Drops of Joy

Drops of Joy

Remember the time you stared slack-jawed at the metallic, blue sky that seemed to burn in the summer heat? And wondered when it would fill up with dense, grey, cottony clouds! 

Remember the time you stared slack-jawed at the metallic, blue sky that seemed to burn in the summer heat? And wondered when it would fill up with dense, grey, cottony clouds!

Remember the time your back prickled in the heat and you fantasised about cool sheets of rain falling from the heavens? Remember the first drop that fell on the scorched land and a wispy cloud of an aroma of a baked earth floated up to your unbelieving nose?

Yes, that aroma is upon us now. Monsoon is here. And it is already down to business. The south-west monsoon is spreading its wings across the State and the curtains are rising for a glorious chapter of weather for the next three months. The rain will cleanse the air, fill our rivers and rivulets. It will make the brown go green and put colours of flowers on the green. It is a time to rejoice for virtually everyone.

Rain means various things to various people. It is a magnificent cosmic drama for some, a necessary relief for others. It is a saviour as much for the farmer as it is for the water provider of a big city. It is a nightmare for some when it simply doesn’t stop pouring but, by and large, rain is a celebratory thing for all.

So how does one celebrate rain? Apart from listening to unending rain songs on the radio, downing hot pakoras and drowning in hot cups of tea that is?

If you are the kind who’d jump under a blanket at the first thunderclap, the kind who hates getting wet, even your feet in the puddle, just let it be. You have the conventional ways of beating monsoon blues anyway. But if you are someone who sees the sheer beauty of nature and its theatrics, plan for a road trip. A rain-chasing road trip that will take you through variegated terrain, through states and districts, through towns and villages, on highways and winding rural roads. Any fairly good car, a good plan, a week days off and some care with the essentials should take you on a trip of a lifetime.

Want a real taste of monsoon where it pours when it rains? Then choose a northern route. Want a gentle monsoon where showers are a pleasant escape from the regular heat, go south. Want to really meet the elements at their fiercest? Take the rain route, cover the places where rainfall figures beat ICC cricket trophy scores. But do ensure that you are properly backed up in terms of co-driving, water, food, medicines, maps, communication tools and, of course, money. Take risk but only till the stimulating border of danger, not beyond into foolishness.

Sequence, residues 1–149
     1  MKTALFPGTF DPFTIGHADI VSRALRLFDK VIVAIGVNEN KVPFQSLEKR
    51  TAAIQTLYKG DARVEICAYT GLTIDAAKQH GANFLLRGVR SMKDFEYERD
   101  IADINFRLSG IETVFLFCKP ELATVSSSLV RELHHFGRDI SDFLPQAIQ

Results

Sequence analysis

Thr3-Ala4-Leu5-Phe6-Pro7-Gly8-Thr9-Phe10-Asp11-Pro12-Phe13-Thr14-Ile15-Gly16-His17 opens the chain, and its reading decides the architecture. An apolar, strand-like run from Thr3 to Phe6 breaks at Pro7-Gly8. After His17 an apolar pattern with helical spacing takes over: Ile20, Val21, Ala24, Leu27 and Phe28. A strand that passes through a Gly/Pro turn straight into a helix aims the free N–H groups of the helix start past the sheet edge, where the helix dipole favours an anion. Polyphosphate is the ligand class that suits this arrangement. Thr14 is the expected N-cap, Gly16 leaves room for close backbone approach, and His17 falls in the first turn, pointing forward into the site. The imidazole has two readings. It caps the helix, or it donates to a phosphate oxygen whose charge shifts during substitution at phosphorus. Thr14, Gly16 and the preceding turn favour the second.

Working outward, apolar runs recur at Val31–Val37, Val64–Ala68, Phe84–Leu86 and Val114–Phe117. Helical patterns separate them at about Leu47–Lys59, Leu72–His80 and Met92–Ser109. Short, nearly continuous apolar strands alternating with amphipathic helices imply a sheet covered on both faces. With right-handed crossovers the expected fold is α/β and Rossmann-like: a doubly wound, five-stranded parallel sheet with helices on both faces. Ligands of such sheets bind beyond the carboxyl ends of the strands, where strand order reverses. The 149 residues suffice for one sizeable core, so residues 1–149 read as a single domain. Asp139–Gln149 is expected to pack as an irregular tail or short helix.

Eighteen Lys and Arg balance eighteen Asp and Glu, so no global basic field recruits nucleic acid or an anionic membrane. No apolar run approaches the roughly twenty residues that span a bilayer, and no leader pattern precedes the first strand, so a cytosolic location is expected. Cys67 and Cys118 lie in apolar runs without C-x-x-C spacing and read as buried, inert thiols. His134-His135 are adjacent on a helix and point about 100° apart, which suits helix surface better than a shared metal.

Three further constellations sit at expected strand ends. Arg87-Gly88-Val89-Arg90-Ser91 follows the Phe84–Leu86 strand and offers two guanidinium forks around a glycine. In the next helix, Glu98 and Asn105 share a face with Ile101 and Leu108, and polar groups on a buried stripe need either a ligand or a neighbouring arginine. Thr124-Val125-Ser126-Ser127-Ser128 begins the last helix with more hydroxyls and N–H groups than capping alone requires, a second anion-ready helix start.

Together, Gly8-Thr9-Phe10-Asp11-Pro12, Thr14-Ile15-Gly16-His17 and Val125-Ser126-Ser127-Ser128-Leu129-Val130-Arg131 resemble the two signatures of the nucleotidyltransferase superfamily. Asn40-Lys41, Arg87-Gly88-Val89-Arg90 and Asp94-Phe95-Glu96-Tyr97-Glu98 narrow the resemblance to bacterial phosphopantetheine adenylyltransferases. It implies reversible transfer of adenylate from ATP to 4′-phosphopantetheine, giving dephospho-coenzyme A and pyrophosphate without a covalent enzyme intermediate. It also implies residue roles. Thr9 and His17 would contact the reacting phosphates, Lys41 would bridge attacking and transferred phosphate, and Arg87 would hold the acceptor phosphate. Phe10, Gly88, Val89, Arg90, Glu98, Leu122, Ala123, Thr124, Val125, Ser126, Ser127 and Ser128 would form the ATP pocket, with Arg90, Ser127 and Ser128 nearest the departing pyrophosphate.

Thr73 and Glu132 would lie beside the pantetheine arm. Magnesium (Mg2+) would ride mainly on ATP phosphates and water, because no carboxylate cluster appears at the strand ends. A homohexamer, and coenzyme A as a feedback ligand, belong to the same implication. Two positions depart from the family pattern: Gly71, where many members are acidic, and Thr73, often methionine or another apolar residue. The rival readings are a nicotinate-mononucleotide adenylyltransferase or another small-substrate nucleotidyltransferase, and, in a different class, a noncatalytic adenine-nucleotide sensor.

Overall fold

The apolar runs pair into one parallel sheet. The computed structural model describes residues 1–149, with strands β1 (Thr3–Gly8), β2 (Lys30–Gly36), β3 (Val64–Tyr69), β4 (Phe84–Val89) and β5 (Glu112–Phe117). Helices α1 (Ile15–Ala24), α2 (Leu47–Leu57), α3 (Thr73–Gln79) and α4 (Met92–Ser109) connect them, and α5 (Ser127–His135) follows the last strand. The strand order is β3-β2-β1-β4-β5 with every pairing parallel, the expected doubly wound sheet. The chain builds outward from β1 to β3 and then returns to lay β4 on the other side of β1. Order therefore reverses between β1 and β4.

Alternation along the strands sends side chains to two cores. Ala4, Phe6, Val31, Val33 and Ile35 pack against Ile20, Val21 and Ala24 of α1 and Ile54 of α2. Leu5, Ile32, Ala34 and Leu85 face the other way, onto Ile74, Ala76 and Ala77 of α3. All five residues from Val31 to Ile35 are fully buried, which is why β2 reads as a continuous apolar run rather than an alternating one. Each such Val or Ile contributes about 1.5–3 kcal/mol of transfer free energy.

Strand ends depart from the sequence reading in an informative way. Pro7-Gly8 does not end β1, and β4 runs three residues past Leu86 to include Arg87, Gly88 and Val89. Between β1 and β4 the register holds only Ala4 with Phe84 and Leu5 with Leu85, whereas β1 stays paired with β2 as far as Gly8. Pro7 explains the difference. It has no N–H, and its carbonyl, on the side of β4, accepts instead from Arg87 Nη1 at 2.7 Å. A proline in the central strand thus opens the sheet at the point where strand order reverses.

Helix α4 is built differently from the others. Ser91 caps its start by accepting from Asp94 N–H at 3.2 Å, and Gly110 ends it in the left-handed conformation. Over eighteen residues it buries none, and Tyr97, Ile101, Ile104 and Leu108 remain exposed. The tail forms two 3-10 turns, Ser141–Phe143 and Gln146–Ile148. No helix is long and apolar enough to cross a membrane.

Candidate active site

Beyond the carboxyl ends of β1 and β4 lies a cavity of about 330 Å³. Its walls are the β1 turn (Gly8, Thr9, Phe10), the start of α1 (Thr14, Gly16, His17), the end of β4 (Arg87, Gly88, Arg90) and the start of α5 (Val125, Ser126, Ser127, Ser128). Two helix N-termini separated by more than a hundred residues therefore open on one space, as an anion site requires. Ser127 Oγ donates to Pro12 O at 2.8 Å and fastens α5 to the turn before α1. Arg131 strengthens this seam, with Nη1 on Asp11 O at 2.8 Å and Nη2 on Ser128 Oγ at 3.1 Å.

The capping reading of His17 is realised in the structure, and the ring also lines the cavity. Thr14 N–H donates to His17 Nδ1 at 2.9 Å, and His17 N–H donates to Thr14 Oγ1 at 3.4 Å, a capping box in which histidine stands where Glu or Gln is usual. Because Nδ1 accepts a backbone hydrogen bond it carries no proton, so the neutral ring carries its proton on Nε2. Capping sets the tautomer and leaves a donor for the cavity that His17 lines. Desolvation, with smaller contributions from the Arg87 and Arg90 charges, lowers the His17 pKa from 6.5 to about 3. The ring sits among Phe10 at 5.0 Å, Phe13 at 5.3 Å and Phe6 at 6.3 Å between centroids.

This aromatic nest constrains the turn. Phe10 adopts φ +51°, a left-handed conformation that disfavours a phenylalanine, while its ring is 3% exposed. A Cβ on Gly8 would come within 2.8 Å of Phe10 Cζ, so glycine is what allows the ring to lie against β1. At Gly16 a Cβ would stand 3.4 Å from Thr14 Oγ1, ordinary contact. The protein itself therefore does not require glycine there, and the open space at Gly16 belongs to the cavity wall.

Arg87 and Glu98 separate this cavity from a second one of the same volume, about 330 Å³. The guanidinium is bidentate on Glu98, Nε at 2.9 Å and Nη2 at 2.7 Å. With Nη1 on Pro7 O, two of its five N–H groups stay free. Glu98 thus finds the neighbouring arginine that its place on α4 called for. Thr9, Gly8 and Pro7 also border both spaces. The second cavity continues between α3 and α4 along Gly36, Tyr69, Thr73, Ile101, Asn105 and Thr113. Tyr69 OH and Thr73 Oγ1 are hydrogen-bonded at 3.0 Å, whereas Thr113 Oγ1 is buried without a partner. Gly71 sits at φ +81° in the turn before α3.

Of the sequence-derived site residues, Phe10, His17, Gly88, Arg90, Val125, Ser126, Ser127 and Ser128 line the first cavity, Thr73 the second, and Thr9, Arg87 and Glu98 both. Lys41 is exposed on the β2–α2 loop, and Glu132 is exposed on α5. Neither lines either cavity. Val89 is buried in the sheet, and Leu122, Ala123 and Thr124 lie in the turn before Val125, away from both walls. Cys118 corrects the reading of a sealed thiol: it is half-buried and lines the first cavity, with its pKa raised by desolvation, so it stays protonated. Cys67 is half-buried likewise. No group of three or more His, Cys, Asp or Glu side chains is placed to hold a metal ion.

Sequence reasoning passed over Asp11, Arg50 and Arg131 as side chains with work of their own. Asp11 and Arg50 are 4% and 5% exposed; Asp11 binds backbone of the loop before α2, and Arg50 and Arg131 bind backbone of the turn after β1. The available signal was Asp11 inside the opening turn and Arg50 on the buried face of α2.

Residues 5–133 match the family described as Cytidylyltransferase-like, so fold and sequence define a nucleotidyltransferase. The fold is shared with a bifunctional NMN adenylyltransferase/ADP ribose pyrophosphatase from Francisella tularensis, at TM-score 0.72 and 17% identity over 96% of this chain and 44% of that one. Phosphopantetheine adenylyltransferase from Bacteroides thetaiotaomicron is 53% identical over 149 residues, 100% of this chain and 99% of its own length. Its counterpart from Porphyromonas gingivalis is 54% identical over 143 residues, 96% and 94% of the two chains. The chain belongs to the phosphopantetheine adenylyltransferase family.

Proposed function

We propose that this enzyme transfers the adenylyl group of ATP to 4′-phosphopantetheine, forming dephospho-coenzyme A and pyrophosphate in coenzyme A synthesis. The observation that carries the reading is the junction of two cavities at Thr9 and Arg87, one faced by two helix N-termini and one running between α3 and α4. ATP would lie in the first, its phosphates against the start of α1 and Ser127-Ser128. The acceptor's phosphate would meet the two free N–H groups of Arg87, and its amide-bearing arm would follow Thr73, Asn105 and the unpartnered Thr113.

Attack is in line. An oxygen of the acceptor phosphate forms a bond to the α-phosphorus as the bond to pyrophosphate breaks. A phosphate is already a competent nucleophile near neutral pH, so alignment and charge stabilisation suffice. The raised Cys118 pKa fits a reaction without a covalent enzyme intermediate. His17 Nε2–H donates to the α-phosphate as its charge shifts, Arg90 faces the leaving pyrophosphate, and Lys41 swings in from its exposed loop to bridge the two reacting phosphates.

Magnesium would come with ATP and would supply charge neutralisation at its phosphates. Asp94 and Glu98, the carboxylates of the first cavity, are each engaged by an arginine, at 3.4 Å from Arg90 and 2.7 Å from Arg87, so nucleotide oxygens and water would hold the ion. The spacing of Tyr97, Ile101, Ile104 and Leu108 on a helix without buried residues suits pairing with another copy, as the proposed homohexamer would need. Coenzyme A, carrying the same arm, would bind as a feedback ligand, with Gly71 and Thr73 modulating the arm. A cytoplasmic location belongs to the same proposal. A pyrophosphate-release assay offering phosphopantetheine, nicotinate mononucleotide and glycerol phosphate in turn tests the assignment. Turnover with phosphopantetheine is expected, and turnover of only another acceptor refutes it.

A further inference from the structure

Are you the more reflective, diligent kind? Someone whose creativity is always under compulsory leash? Ok, time to let go. Grab a camera and do a rain project. Capture rain in all its moments. The colours of the sky, the showers, and the mist. The drops that fall like silver bells and, if you are lucky, a spectacular show of lightning. Look around and see how the world is coping. The kids to school and the women to work, how they bustle and shuffle. The umbrella dances and the steam of hot chais by the roadside. Click because digital cameras can make a photographer out of anyone. Look at the world through the lens this monsoon. Who knows, you may even end up an award-winning photographer.

At the very least, plan a local celebration. Rain is precious, as the just passed summer has shown us unequivocally. Rain has to be relished. Do something unconventional. A corn on the cob on the lakefront, an ice cream on the beach or a chai by the roadside when you are stuck in a heavy downpour with no exit strategy. Turn the city blues to your advantage.

Then there are the house parties for those who prefer their rain outside, showcased by the window. Engage the kids in an indoor game or put them on to a challenging assignment such as a poetry-writing session or a painting contest. Give them sufficient leeway to beat boredom that is inevitable when they are confined.

For those whose bliss lies in domestic perfection, the monsoon is a good time for winding up long-pending chores. Finish that embroidery or get a family album going. Sort out the computer and organise the music. Find recipes, cook glorious splendid meals.

Read that long-pending book that did not move beyond the 32nd page or write letters/emails. Paint, clean, repair, mend, sort, create – anything that you can do at home. If nothing works for you? Then, of course, there is the best recourse ever. Snuggle into the blanket and snooze like a lazy cat.

It’s the time sky meets the earth. When water meets soil -- it’s time the seed meets its tomorrow and the dry meets the elixir of life. It’s when the cloud grins in lightning, chuckles loudly in thunder. The time when grey turns to silver to brown to green. Rain is here. In resplendent entirety. Celebrate it.

By: Usha Turaga

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